At 100 years old, Simpson Door Co. knows a thing or two about industry trends, so we asked marketing and product development manager Brad Loveless to share his insight into what’s currently going on in entry door design.

Contemporary Climbs

“Interest is really turning toward a contemporary feel with doors,” Loveless says. “You might be used to seeing that in California, along the coast, or in cities, but we’re seeing that trend everywhere; even in places you wouldn’t think of as contemporary.”

Simpson’s new Artist Collection (pictured) capitalizes on the aesthetic, thanks to Jim Cutler of Cutler Anderson Architects, Bainbridge, Wash. “We found that Mr. Cutler was a fan of wood and of modern design,” Loveless says. “The Artist Collection is a rendition of his designs using our doors. He’s helping us get out of our box.”

Let in the Light

By incorporating panes of various widths, the Artist Collection also takes advantage of another trend toward daylighting. Loveless says most Simpson doors now include some type of glass, be it satin-etched, textured, or another option. 

“We used to make more panel doors with no glass, and now the majority we make have glass," he says. "The scales are tipping. People aren’t bashful about having glass in their front door anymore.” To achieve that , manufacturers are offering a variety of daylighting options to let in the light without sacrificing privacy.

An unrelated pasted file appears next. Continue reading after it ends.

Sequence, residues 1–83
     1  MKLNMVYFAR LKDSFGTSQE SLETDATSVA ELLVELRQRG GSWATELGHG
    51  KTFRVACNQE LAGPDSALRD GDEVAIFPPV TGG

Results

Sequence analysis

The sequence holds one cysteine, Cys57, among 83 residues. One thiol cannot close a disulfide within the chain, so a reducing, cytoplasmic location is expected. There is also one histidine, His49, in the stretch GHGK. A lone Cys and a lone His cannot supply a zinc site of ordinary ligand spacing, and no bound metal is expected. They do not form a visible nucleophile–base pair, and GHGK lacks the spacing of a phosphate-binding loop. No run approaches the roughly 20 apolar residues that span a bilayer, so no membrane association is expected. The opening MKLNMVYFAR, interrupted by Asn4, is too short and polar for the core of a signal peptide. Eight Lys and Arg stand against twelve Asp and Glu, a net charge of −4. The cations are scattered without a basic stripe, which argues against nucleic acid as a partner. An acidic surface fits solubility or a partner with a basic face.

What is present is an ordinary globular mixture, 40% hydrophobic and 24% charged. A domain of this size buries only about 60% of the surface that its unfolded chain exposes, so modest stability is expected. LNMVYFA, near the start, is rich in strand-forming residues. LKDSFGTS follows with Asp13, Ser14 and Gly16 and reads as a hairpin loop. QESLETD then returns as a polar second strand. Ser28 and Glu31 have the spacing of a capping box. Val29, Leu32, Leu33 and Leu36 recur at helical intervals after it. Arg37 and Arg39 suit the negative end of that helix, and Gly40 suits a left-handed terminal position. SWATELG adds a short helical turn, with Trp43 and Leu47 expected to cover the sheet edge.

Market Movement

As a wood door manufacturer, Simpson advocates for natural wood doors in appropriate installations. According to the 2012/2013 AAMA/WDMA U.S. National Statistical Review and Forecast published by the American Architectural Manufacturers Association, wood entry doors are holding steady with 13% of the market, while fiberglass is stealing share from steel. 

“I think there’s a consumer preference for wood to the point where other materials are being designed to look like wood,” Loveless says.

In terms of species selection, Loveless says that Douglas fir is by far the most popular choice for Simpson entry doors, followed by western hemlock, another vertical grain softwood. The attractive and random character of knotty alder comes in third.

—Lauren Hunter is the senior products editor at REMODELING. Find her on Twitter at @LaurenHunter_HW or @RemodelingMag.